04 Jul Heroin Addiction – My Drug of Choice
Heroin is an opioid drug that is synthesized from morphine. All over the world, millions of people smoke, snort or inject heroin into their veins. Some people walk away from there “heroin experience,” while others die from overdoses.
The numbers above make a ratio; in my group of friends I’m the only one out of seven who’s not dead or dying of a transmitted disease in prison. I’m the only one left. I miss them a lot and wonder why I got recovery and they didn’t. Within four years my friends dropped like flies. In the first year we lost Mike, then one by one they went. Sometimes we would meet up and they would get some time, just so they could get that first high again. I remember talking with Mike about insanity, about doing the same thing over and over and expecting different results. He said, “I think we know what is going to happen, we just don’t care”. We lived to use and used to live. However we were also desperate for help. A power greater than my self removed me from heroin addiction on June 14th of 2012. I am thankful for that everyday; it’s a miracle. I was living on the streets, what some may consider small things, are so much better than the quality of life I had before. I’m grateful for clean socks, water, food, pencils, random strangers looking me in the eyes, a home with people I love inside of it and a functioning body. I hope I never loose sight of that again. At one point my disease had taken all those things from me.
I remember the first time I tried black Tar Heroin, I was with my two friends. I had been around heroin before, and watched my friends use it, they were calm and I was curious that day. My friend held the tinfoil and began to light it from underneath. I inhaled through a cut plastic McDonalds straw. He told me to inhale and hold my breath. I inhaled and held my breath for as long as I could. Before I could even exhale, I started to feel it. I was warm, and better than anything I had every felt. I did more and 10 minutes later I threw up in my friends bathroom smiling. I wasn’t aware of anything going on around me.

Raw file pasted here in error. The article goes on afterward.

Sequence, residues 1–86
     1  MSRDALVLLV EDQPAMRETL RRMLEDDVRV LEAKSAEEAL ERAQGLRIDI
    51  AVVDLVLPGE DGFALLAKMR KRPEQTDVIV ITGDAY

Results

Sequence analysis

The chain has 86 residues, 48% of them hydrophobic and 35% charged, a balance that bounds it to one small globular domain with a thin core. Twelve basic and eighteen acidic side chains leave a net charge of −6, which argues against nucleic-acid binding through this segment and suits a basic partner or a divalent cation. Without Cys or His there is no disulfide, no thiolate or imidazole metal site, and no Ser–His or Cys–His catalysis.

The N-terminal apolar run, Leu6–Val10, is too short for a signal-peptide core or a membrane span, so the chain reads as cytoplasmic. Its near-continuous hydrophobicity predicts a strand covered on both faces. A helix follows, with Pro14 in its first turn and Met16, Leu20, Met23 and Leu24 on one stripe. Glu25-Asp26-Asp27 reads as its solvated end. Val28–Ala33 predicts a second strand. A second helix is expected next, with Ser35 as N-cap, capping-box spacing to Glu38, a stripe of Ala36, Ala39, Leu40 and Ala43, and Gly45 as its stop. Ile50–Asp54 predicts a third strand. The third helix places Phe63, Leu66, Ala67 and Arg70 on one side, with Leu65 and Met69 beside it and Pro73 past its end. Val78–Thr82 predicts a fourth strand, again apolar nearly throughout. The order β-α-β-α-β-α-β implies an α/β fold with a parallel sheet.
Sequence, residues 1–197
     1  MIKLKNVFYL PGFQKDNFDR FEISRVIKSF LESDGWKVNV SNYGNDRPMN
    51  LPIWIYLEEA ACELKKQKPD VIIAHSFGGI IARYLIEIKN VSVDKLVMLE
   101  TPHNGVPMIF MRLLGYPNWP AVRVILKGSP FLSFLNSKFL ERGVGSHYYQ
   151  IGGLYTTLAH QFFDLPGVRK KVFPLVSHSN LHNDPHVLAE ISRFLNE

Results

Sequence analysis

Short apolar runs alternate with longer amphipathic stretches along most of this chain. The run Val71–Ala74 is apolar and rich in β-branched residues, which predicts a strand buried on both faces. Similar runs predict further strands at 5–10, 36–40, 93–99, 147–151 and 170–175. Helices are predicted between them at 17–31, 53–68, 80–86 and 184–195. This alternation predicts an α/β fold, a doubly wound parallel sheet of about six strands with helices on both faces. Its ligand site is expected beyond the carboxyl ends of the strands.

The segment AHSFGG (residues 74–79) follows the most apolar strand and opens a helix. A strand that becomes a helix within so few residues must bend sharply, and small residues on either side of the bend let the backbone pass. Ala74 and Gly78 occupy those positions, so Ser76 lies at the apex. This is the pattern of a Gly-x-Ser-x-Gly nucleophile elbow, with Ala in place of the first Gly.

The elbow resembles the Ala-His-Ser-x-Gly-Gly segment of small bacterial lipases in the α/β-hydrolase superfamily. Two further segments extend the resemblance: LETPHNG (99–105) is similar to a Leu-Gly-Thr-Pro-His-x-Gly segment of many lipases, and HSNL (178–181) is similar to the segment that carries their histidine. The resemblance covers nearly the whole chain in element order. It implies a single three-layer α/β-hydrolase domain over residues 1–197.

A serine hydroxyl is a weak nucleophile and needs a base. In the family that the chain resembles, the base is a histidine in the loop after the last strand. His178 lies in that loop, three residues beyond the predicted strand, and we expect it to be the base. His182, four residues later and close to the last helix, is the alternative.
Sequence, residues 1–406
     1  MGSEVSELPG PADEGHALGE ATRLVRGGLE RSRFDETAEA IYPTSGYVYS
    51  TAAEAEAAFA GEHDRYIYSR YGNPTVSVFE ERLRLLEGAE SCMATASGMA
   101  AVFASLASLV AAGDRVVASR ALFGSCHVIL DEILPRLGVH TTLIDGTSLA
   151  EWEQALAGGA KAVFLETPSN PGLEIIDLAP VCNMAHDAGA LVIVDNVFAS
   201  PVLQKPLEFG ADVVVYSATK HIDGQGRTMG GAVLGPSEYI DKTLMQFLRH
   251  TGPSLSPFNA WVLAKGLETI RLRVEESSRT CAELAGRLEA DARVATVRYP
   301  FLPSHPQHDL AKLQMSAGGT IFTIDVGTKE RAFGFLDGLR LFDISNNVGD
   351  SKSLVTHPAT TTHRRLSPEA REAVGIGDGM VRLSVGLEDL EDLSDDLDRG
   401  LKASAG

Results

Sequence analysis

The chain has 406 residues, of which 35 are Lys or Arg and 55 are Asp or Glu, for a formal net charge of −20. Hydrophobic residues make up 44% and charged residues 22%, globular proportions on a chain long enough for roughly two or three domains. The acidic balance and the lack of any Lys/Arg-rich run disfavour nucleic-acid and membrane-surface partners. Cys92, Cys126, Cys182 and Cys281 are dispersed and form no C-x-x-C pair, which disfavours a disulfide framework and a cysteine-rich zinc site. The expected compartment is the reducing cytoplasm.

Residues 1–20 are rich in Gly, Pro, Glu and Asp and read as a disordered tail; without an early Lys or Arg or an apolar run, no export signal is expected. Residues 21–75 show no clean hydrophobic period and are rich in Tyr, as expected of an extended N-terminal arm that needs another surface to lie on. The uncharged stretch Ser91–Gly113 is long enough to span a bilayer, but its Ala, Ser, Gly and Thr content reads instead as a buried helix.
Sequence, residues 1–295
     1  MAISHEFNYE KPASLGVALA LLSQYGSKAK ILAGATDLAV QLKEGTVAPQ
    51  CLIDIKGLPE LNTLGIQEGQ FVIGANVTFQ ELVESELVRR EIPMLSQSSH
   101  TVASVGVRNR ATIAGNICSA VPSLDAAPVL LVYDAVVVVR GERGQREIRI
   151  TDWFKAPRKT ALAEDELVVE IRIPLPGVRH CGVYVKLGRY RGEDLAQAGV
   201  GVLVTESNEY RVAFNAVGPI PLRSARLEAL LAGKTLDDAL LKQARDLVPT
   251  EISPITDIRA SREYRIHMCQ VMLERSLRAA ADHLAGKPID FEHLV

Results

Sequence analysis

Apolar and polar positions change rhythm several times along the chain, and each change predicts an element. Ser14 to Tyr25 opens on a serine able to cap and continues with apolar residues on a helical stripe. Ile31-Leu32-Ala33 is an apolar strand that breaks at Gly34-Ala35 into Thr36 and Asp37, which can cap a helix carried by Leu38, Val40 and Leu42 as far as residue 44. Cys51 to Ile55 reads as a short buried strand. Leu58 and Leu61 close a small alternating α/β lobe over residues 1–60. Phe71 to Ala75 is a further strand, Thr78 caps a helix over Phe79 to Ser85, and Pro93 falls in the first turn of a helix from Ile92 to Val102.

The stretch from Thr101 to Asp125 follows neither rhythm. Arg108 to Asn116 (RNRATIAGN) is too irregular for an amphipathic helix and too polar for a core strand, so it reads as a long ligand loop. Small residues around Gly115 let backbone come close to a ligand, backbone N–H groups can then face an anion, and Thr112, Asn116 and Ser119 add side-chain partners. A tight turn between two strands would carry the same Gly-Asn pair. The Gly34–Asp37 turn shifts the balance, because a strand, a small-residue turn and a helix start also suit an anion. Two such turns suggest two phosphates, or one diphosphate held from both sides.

My experience above is very common. Individuals who abuse heroin may exhibit a number of signs and symptoms. Look out for behavioral changes. There is hyperactivity followed by fatigue, disorientation, irresponsibility at work or school, lying, wearing long shirts and pants even during warm weather, increased sleeping, slurred speech, track marks on arms or legs, weight loss, constant runny nose, scabs or bruises. Pupils will be like pins, nausea, vomiting, severe itching, and a really big sign is when stuff starts to go missing.
My heroin addiction became a nasty habit, I couldn’t do anything without it, I hated it and I loved it. After some time smoking it seemed a waste, my attitude was always “what’s next?” Smoking turned to intravenous drug use, which turned to collapsed veins, and finding new places on my body to inject into. I used to wish I had never came across heroin, upon completing my 12 steps I saw my experience as useful to my fellows.
Here is a poem about heroin – from the opinion of heroin.
Take Me in Your Arms
So now, little man, you’ve grown tired of grass LSD, goofballs, cocaine and hash, and someone, pretending to be a true friend said, “I’ll introduce you to Miss Heroin.”
Well honey, before you start fooling with me, just let me inform you of how it will be.
For I will seduce you and make you my slave, I’ve sent men much stronger than you to their graves. You think you could never become a disgrace, and end up addicted to Poppy seed waste.
So you’ll start inhaling me one afternoon, you’ll take me into your arms very soon. And once I’ve entered deep down in your veins, the craving will nearly drive you insane.
You’ll swindle your mother, and just for a buck. You’ll turn into something vile and corrupt. You’ll mug and you’ll steal for my narcotic charm, and feel contentment when I’m in your arms.
The day, when you realize the monster you’ve grown, you’ll solemnly swear to leave me alone. If you think you’ve got that mystical knack, then sweetie, just try getting me off your back.
The vomit, the cramps, your gut tied in knots. The jangling nerves screaming for one more shot. The hot chills and cold sweats, withdrawal pains, can only be saved by my little white grains.
There’s no other way, and there’s no need to look, for deep down inside you know you are hooked. You’ll desperately run to the pushers and then, you’ll welcome me back to your arms once again.
And you will return just as I foretold! I know that you’ll give me your body and soul. You’ll give up your morals, your conscience, your heart. And you will be mine until, “Death Do Us Part.”
This poem depicts how heroin addiction treated me. It wanted me dead. In the poem heroin makes you believe there is no way out. I found a way out and a new way of living, infinitely better than anything I ever could have imagined. My friends could have had the same opportunity – it was only 12 steps away.
If someone you love is suffering from addiction, don’t wait and ask for help. I may be 1:7 but I know my friends always wished for the help. Sobriety can be achieved for the addict.